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IWD 2020: Do we still really need workplace gender equality?

This International Women’s Day, Diversity Council Australia (DCA) is challenging the idea that workplaces no longer need to address gender equality.

Drawing from academic and industry research, DCA has released an infographic highlighting some examples of where gender inequalities limit men and women in the workforce.

“Over 100 years on from the first IWD, we’ve come a long way in creating gender equality – but we still have a long way to go,” DCA CEO Lisa Annese said. “In 2020, gender inequalities continue to limit the ability of both men and women to be respected and to contribute at work and at home.

Lisa said that the research showed there is a link between messages we receive in childhood and the career trajectories we take.

“Research has shown that before they are two years old, children are aware of gender stereotypes. Those gender stereotypes influence everything from what toys children play with, to what subjects they choose at school, having life-long impacts on career choices.

“And gender stereotypes continue to hold us all back throughout our lives, for example with women taking on the bulk of unpaid caring and social pressures on men to be providers and main income earners.

“We know from DCA’s research that workplace diversity and inclusion initiatives benefit men and women. And when both men and women have access to flexible work options, they are more able to share responsibilities at home.

“Ultimately then, gender equality at work means improvements in all of our lives, at work and at home.

“So this International Women’s Day is a good reminder that we do still need workplace gender equality so we can lead more equal lives at work and at home,” concluded Lisa.

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Posted in The world @work

A President, a CEO and a journalist were in a room together…

On the last Wednesday in August, Slade Group hosted its annual Footy Lunch. As usual there were meaty titbits from Caroline Wilson and plenty of differences of opinions about teams most likely, players least likely and coaches unlikely.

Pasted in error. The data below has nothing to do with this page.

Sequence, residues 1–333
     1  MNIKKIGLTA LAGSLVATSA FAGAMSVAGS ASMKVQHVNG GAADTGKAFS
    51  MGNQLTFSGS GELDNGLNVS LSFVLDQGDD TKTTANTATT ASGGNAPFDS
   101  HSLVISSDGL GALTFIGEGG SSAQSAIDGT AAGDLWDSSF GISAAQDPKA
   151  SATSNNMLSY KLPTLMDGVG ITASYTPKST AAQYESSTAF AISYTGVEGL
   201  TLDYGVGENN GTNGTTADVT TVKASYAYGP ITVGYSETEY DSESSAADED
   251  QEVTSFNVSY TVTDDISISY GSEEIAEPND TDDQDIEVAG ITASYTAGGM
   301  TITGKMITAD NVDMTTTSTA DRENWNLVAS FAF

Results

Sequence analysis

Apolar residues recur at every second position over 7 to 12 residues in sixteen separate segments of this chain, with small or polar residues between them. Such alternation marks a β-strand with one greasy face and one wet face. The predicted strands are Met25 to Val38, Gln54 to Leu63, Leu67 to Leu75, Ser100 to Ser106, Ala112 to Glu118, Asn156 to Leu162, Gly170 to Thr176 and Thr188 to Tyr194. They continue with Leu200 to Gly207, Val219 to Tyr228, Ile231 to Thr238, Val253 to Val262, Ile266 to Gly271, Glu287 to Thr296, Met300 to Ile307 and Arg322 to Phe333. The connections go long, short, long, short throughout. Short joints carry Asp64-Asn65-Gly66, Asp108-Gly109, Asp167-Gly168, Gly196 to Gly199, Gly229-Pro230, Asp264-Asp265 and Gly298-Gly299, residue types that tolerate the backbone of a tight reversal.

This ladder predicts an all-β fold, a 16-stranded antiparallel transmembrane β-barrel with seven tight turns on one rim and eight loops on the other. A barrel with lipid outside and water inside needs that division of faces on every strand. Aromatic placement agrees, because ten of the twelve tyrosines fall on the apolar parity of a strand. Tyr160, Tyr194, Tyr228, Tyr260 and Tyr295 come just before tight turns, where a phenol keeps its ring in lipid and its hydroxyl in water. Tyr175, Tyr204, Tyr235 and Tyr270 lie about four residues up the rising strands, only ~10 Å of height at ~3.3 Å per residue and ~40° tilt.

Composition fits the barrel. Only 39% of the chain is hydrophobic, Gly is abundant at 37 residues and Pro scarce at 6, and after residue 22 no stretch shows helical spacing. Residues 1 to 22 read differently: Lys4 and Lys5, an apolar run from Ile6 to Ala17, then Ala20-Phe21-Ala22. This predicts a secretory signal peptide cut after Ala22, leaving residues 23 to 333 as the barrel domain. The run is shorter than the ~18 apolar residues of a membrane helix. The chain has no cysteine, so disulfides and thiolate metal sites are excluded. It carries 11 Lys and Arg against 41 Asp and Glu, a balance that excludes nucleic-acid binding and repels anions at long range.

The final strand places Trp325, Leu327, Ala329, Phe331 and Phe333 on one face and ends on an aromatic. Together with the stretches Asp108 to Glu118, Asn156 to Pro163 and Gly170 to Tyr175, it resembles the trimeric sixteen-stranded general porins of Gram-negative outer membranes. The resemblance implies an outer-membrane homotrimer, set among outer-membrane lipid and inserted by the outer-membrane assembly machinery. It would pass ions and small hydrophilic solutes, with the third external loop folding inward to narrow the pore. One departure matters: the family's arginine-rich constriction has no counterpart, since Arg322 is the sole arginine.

As MC, Laurie Serafini fuelled some good natured debate, but when it came to matters of football governance, the guest speakers were in heated agreement. This year’s panel comprised Caroline Wilson, Chief Football writer for The Age, radio and TV commentator, and Walkley Award winning journalist; Peggy O’Neal, Richmond Club President; and David Stevenson, the Western Bulldogs’ newly appointed CEO.

It didn’t take long for the audience of senior business leaders to join the dots: the best performing football clubs are no different from the best performing organisations.

Just like non-sporting organisations, AFL clubs are taking a good hard look at themselves.

  • The panel sent packing the idea that old football stars make the best coaches. Plenty of us in business have found that star performers in the field or on the floor don’t necessarily make the best leaders and managers.
  • The panel laid down the fact that gender diversity leads to better performance – in clubs and non-sporting organisations alike. Taking the lead from David Stevenson, ex Senior Nike Executive now boss of the Bulldogs, there were some sighs from both men and women in the audience when David said he couldn’t believe, on returning to Australia, that gender inequity is still so evident Down Under.
  • And whilst there aren’t any teams with elephant or gazelle mascots, it’s these two animals that are often cited as being reflective of the two ends of the corporate spectrum; large global giants and smaller nimble organisations. There is a prevailing view that perhaps AFL House has become a bit of a lumbering elephant, whereas AFL clubs are responding to new ways of thinking much more quickly than the ‘parent company’ and in turn have much closer community alignment.

Our panel concluded the clubs are better champions for change than the AFL itself on a range of current issues. It seems the gazelle has trumped the elephant and those old bulls are a little slow when it comes to learning new tricks.

That’s our world@sport this week. What are the similarities and differences you see?  We’d love to hear.

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Posted in The world @work